My buds in the advertising world call the Oscars "the Super Bowl for women."
Of course, there are plenty of women who watch the Super Bowl, and men who watch the Oscars, but their point is well taken. Advertisers consider the Academy Awards the best way to reach a huge female audience. All those Clairol ads aren't aimed at me; my hair has long since achieved maximum fabulosity.
The Oscars and the Super Bowl are two peas in a pod. They're
- annual American traditions
- with the two most massive television audiences of the year,
- featuring women in revealing clothing and hunky leading men,
- breathlessly promoted for weeks in advance by a dutiful press,
- handicapped exhaustively by experts and
- wagered on in living rooms, with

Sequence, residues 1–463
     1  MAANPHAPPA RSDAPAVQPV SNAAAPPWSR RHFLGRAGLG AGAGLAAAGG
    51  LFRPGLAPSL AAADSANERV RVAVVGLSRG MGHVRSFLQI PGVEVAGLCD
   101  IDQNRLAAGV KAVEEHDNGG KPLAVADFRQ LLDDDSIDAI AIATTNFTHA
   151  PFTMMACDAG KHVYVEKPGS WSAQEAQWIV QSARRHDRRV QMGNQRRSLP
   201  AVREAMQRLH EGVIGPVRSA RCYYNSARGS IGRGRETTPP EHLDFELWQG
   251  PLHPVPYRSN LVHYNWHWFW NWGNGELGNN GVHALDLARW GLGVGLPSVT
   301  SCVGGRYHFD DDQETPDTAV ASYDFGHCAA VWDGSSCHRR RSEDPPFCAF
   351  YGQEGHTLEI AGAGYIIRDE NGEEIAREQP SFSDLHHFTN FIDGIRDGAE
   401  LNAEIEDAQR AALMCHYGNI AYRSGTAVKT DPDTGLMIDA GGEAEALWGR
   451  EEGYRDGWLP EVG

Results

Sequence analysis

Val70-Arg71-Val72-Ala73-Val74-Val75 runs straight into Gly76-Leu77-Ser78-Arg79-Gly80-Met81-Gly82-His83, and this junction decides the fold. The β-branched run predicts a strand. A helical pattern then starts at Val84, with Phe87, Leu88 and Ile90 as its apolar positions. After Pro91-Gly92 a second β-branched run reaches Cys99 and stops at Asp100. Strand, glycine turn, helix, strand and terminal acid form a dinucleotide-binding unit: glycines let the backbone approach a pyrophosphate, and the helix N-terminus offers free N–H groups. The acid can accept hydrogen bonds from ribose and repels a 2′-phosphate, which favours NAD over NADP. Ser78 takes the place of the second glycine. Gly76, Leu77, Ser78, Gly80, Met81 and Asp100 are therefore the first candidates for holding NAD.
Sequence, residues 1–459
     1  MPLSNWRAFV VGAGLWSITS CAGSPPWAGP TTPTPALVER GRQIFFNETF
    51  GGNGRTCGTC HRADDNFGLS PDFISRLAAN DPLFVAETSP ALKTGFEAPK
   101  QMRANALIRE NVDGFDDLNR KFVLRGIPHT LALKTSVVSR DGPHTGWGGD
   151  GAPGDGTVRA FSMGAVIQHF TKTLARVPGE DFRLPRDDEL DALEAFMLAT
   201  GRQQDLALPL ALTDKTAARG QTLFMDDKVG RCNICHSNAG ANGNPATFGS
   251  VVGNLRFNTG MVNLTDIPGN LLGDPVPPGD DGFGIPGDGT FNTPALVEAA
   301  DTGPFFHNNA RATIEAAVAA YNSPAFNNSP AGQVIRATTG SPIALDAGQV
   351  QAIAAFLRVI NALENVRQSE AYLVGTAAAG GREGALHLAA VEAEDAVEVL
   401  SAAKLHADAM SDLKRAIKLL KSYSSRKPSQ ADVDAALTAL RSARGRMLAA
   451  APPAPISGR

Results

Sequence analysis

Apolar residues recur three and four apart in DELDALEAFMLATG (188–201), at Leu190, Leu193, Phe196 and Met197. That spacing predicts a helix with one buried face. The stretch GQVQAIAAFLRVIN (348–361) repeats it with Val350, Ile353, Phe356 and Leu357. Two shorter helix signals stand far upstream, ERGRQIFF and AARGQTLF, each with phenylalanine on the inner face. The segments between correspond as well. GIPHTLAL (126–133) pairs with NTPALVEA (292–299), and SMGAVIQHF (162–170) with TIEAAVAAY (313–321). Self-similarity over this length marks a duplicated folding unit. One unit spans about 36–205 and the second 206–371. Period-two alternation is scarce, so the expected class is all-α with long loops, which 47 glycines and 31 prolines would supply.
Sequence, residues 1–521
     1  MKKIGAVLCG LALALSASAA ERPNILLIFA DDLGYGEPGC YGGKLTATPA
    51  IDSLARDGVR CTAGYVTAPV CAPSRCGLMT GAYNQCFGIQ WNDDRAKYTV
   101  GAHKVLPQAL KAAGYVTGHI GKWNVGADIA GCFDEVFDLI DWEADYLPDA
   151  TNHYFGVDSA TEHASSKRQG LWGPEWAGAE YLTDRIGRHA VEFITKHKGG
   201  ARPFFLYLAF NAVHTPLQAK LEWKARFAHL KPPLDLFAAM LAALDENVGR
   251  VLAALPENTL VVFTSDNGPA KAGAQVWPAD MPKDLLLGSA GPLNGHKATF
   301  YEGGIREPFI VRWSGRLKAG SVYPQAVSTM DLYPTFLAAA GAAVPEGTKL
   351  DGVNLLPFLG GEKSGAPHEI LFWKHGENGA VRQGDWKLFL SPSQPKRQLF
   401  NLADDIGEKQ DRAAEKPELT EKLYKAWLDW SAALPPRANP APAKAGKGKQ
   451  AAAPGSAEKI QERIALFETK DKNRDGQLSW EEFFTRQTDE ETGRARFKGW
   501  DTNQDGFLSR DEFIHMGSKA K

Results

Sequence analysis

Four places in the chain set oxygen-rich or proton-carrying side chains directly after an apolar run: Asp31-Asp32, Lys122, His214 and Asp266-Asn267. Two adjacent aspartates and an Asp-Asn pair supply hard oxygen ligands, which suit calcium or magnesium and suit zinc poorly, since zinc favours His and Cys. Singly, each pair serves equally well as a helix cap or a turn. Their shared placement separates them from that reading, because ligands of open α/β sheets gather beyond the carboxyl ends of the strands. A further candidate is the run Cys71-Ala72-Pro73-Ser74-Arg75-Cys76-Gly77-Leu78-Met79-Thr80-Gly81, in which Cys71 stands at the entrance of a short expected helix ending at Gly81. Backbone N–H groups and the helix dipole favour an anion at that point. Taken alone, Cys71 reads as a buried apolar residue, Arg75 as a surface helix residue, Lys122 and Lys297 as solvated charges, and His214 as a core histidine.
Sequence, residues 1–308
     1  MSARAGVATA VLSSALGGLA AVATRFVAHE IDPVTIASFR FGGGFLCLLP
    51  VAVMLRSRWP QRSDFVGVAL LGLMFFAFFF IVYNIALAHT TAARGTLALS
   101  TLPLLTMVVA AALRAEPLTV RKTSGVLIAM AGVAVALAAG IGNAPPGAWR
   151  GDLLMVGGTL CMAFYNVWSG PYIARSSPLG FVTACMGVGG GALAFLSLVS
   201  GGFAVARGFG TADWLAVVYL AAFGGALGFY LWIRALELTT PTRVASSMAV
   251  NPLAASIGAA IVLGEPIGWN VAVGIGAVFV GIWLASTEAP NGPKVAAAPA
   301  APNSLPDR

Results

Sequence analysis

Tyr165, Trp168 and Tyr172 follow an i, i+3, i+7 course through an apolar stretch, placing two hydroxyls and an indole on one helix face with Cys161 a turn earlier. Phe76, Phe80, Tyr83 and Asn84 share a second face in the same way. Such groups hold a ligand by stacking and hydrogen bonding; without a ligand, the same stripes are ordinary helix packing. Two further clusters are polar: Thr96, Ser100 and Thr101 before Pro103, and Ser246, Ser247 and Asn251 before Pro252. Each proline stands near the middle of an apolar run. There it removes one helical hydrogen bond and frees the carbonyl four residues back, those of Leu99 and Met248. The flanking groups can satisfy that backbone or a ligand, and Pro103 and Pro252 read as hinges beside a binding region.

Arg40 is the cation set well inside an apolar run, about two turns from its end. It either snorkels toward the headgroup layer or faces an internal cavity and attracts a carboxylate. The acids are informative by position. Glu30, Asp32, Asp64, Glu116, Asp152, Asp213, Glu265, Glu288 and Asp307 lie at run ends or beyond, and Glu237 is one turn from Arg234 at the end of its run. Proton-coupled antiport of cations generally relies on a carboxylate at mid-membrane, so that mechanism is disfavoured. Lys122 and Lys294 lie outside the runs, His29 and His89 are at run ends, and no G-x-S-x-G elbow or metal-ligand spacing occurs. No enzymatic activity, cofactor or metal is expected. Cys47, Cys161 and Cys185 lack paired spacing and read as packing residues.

- tickets unavailable to the general public and
- industry insiders seated according to clout; in each case,
- the whole thing is a profit-driven promotional exercise
- dressed up as a competition
- whose winners then earn more money; each event, though
- considered glamorous and
- surrounded by exclusive parties like a cruise liner's tugboats,
- rarely lives up to the hype but
- occasionally pulls off a memorable surprise and
- provides water cooler chitchat for the few of us who still have jobs.
Me, I'll be watching in my signature "1995 Lands' End sweatpants" couture despite having seen, I think, a grand total of zero of the ten Best Picture nominees.